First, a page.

Transport Month: Long way to go to increase road safety

Dealerfloor poses a few questions to various role players in the automotive sphere on specific issues with the eye on Transport Month.

Transport Month 3

Eugene Herbert is Group CEO/COO of MasterDrive with an in-depth knowledge of road safety as well as the transport industry.

1: What is the current state of transport in SA in terms of safety, roads, driving skills and a mixture of very old vehicles to new EVs?

The commercial vehicle sector is still way behind the US and Europe when it comes to the use of EVs for deliveries etc. One hears of trails and certainly success in specific applications, and I believe that it if were not for the “insecurity” of power supply, we would have been much further in the use of EVs. While that is true, I also think some “diehard” old-school fleet managers are using it as an excuse for not implementing.

Safety is at an all-time low with the torching of vehicles, but that said, the leading companies are being as proactive as they can and using technology that is, in many instances, staying ahead of the game.

A long-overlooked component is the well-being of drivers, which is now being addressed through initiatives such as “Safer Stops” – this should ensure that the basics and then some are made available to these persons. MasterDrive, in its Fleet Safety Awards, endeavours to recognise excellence where is exists. At this point, things are looking positive for the years ahead.

2: What is the single most important thing that needs to happen to increase the safety conditions on our roads for all road users?

Improve the overall driving standards of all drivers, but it has to start with those entering the ‘market’. If the high percentage of fraudulent licences can be addressed, then surely one would have more confidence in sharing the road with other users. That, indirectly connected but critical, is the roadworthiness of many vehicles whose owners ‘get away’ with it because of corruption. Corporates are doing their part, but more is needed from officials.

3: What should be the priorities from government’s side on the short, medium and long term to improve conditions?

Given that AARTO will at some point be implemented, it has to be seen that its use will be fair and for the purpose intended – improved road safety being one of the key issues. That act will be administered by a force that has a high level of “corrupt” persons, and it must be made palatable. One of the ways this can be done is by educating law enforcement on how to engage with the public – this is evident in other parts of the world where laws are enforced but the manner in which it is done makes the “pain” bearable. A start would be in changing the K53 system with a graduated licensing system for new drivers.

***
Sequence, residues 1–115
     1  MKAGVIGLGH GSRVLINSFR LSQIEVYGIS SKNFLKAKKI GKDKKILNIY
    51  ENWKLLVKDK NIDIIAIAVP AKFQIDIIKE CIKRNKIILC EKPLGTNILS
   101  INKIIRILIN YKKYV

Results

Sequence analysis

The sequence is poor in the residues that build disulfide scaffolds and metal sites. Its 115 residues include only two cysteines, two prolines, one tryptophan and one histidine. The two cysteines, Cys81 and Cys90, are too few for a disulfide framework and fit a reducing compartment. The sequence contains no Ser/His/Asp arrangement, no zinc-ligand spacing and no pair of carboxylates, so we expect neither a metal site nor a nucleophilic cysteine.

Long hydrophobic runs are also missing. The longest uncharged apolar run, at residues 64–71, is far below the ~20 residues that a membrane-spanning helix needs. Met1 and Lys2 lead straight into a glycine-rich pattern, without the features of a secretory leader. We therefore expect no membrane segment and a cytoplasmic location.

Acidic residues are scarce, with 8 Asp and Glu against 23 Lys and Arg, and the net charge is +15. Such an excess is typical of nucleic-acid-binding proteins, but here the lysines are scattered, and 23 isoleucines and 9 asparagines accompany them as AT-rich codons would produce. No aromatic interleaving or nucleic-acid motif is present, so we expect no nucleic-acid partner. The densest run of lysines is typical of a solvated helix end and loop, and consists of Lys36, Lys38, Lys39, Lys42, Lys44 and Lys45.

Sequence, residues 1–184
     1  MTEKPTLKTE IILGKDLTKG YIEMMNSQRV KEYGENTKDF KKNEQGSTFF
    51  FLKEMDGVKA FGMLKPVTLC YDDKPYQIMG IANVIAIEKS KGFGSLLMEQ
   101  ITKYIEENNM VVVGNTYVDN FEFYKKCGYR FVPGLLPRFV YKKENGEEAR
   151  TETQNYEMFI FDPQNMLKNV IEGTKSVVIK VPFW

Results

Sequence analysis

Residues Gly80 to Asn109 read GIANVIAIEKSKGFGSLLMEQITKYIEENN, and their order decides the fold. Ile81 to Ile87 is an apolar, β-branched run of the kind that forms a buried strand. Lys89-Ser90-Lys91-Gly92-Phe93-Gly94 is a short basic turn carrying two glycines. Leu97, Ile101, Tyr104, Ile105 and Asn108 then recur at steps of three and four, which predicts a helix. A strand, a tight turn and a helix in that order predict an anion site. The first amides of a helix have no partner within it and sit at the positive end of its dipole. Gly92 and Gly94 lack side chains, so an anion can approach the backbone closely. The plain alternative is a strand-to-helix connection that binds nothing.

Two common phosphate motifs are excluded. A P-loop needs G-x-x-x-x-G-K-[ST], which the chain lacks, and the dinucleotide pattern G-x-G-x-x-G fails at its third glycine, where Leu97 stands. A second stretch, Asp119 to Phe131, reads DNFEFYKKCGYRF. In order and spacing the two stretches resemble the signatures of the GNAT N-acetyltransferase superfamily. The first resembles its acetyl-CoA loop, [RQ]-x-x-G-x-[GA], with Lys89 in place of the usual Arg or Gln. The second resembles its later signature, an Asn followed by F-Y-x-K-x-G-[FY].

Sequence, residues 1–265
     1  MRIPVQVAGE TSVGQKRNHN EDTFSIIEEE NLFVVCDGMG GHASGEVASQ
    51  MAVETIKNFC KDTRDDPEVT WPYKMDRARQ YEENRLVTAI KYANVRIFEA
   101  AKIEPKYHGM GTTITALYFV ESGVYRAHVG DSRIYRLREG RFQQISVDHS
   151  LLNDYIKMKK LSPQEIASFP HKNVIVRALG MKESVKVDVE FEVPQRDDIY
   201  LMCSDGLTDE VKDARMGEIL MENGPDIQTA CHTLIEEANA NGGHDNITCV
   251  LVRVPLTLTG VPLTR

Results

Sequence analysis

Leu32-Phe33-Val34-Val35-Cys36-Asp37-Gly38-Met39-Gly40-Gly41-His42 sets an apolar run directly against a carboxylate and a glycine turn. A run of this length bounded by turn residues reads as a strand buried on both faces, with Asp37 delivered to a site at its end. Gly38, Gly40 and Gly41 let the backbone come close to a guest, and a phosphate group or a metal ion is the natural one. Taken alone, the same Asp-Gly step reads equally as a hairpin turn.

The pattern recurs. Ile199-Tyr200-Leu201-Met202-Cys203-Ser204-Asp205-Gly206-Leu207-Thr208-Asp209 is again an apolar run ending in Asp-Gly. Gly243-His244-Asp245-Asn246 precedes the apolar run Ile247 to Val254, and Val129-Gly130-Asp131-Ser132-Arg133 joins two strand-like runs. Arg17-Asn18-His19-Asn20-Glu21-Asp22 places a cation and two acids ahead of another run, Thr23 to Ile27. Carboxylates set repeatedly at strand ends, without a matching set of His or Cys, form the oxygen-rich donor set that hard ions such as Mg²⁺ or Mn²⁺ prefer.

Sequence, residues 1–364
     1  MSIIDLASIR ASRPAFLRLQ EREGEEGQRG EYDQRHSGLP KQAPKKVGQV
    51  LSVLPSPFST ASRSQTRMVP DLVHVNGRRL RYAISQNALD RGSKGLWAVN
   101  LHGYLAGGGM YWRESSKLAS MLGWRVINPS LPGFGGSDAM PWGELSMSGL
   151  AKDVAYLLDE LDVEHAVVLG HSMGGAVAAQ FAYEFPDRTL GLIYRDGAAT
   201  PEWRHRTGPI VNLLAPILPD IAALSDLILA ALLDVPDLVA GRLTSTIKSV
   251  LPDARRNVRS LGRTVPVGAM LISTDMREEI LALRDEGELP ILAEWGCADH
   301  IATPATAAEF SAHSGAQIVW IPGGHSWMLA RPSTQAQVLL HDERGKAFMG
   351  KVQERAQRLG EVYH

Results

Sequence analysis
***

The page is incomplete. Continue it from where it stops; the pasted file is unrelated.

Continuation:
4: MasterDrive recently held its Safety Awards for the Transport Industry. What are the advantages of the awards and are there plans to expand them?

This year we had 252 entries (2022 saw 110) and next year we anticipate at least 400. We believe that those hard-working individuals and companies should be recognised for their efforts and rewarded – in the case of the driver (Road Warrior category) and the Fleet Manager, it is financial. In addition to large cash awards, each of the Fleet Manager category entrants received a free Fleet Management Course – courtesy of one of our partners with a value of R5 000 each, a total value of over 100K.

5: What is the most serious negative impact transport conditions currently have of the South African economy?

The cost of running a business, with the high fuel costs, is putting a strain on operators, and my fear is that some may be tempted to cut back on maintenance, which will have a ripple effect in the long term’ not only putting businesses at risk, but endangering road users in general.

Possibly more than that is the impact of crime and the effects of limited jobs – as you will see it impacts on SA residents, but also spills over into the overall economy owing to actions taken to limit the employment of foreigners. Sadly, intolerance and the propensity of some to resort to violence at a moment’s notice are hurting the economy and it continues to bleed.

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